It had never really occurred to me before stumbling across an article on Nintendo’s Tomodachi Life,to consider the role the LGBT community plays within the video games industry. It was only when this matter was brought to attention through Nintendo’s apologies surrounding the lack of possibility for same-sex relationships within this game that I really thought about video games as an expression of these ideas.
Nintendo recently issued a statement of apology after they were criticised for ignoring the possibility of same-sex relationships in the English-language editions of their life simulator video game Tomodachi Life and were unable to change the game. This exploded a whole can of hate from Nintendo fans and saw Nintendo once again under fire from gay rights organisations.
As sad as it is, I can’t remember ever playing a game which included features of homosexuality and it’s perhaps even sadder that before this day I hadn’t even noticed the absence from my gameplay experience.
GLAAD CEO, Sarah Kate Ellis suggested that Nintendo “catch up with peers like Electronic Arts, which has been inclusive of LGBT gamers for years”. Unfortunately it was not always easy for EA to incorporate such themes into their gameplay seamlessly and often LGBT content is subject to furthering the normalisation of heterosexuality rather than homosexuality, leaving the homosexuality to be considered a gimmick, censored or plain ridiculed. EA came under fire after introducing LGBT characters into their games in the first place with comments plaguing forums and message boards because apparently the inclusion of this facet of reality is “another clear example of the gay agenda in a place it doesn’t belong” according to one particular individual. Because obviously the very real “gay agenda” (whatever that means) has no place in a representation of the real world. Because why should video games, now an established art form (see Video Games vs Art), be exploring ideas and themes that need to be explored and addressed in the 21st century? Because how little credit can we give these new generations of gamers that we can’t even trust them with an understanding of homosexuality as commonplace? Because that’s what it is – a fear of pissing off the young, white, heterosexual male gamer who is obviously the only reachable market. (Sarcasm over).
So I took it upon myself to take a pre-revision look at the changing levels of inclusion of the LGBT community in the video games industry, which ended up becoming a trawl through an irritating amount of tedious game changes throughout the 90’s – I apologise to my exam grades in advance.
– In 1992, Nintendo refused to sell Dragon Warrior 3 on any system until Enix removed a gay bar…
– Later in 1992, minor enemies who happened to have been written as homosexual in Final Fight for Sega CD were censored…
– Streets of Rage 3 featured a gay villain wearing Village People attire (because why not) who was removed and a transsexual villain was changed simply into a man with long hair losing so much character depth and making the whole ordeal a lot less interesting.
Bioware have, in a way, led an LGBT gaming revolution, taking charge with LGBT relationships in Dragon Age, Mass Effect and Skyrim which all seem to take the significance of openly gay characters in their stride as just another facet of character. From what i’ve heard it sounds like I need to get playing Mass Effect 3. The fact that Cortez’s sexuality is laid so bare right from the start of the game maps some pretty hefty progress since the days of ironing out a gay bar. Dusty Everman, writer of the relationships featured on the game, pretty much sums the game’s refreshing nonchalance up when he says “I believe that by the 22nd century, declaring your gender preference will be about as profound as saying, ‘I like blondes’ – it will just be an accepted part of who we are”. The homosexual relationships are given just as much time, effort and exploration as the heterosexual – they are normalised through comparison and similarity which is possibly one of the most exciting steps i’ve seen in the video games industry in a long while.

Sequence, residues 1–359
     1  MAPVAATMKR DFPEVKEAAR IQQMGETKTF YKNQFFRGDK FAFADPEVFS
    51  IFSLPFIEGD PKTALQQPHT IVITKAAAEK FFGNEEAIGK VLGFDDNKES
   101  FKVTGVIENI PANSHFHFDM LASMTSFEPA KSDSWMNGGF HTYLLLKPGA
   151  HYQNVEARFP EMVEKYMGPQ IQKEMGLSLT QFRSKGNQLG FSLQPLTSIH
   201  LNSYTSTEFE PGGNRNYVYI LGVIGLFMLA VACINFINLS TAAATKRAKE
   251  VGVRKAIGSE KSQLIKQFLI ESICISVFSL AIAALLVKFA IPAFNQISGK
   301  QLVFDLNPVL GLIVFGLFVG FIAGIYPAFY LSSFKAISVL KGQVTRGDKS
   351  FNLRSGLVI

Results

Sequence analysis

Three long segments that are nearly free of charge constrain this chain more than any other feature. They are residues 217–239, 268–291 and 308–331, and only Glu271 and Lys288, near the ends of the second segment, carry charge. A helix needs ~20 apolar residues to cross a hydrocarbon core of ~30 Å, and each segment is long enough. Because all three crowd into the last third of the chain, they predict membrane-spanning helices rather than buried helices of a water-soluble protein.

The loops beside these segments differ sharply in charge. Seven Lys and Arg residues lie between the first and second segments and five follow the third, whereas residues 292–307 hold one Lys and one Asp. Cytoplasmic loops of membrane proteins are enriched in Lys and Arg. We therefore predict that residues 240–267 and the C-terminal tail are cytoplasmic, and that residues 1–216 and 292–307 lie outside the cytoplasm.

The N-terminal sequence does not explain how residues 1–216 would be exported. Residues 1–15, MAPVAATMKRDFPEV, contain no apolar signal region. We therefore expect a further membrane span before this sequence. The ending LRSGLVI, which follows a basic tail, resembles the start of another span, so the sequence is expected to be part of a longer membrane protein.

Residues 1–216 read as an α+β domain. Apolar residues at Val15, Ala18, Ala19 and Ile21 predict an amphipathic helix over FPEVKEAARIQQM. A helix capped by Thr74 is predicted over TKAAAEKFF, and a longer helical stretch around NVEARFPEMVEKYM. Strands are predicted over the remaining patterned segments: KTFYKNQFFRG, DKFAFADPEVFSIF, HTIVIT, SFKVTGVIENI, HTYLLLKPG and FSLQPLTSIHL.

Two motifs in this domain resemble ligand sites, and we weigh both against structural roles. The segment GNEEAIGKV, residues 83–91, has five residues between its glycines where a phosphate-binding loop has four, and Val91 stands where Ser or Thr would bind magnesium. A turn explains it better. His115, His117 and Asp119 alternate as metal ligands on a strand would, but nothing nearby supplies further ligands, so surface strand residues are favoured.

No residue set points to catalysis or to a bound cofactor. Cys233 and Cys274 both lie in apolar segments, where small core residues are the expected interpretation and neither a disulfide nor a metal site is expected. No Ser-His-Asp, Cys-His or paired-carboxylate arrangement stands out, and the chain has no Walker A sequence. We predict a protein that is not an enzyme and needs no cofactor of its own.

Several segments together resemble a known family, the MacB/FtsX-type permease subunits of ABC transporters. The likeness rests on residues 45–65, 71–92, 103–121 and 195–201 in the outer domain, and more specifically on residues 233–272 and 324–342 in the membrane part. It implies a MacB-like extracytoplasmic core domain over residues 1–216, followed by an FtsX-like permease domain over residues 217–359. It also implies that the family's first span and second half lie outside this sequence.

We basically need more of this, and with motivated producers within the industry itself, a sophisticated audience and the correct representations the games industry can wake up to the change in attitudes that it now has to face. Games are drawing more and more upon mainstream culture and are now viewed as a modern art form thanks to their inclusion in Bafta categories however in the words of Spiderman – with great power comes great responsibility. As the sincerity of their authenticity and opportunity for creative expression grows, games are beginning to explore essential social issues that need to be addressed. As homosexuality is normalised in mainstream culture, it will follow that it will be in the art that surrounds that culture – with video games sadly trailing behind film, literature and music.
“Imagine the impact games could have… for gay people to enter fantasy worlds to make homes and hold hands with partners of choosing regardless of gender, they move beyond the passive world of television into the active world of gaming, heightening the impact” – Luis, A Ubinas – Electronic Arts’ Full Spectrum awareness event in New York.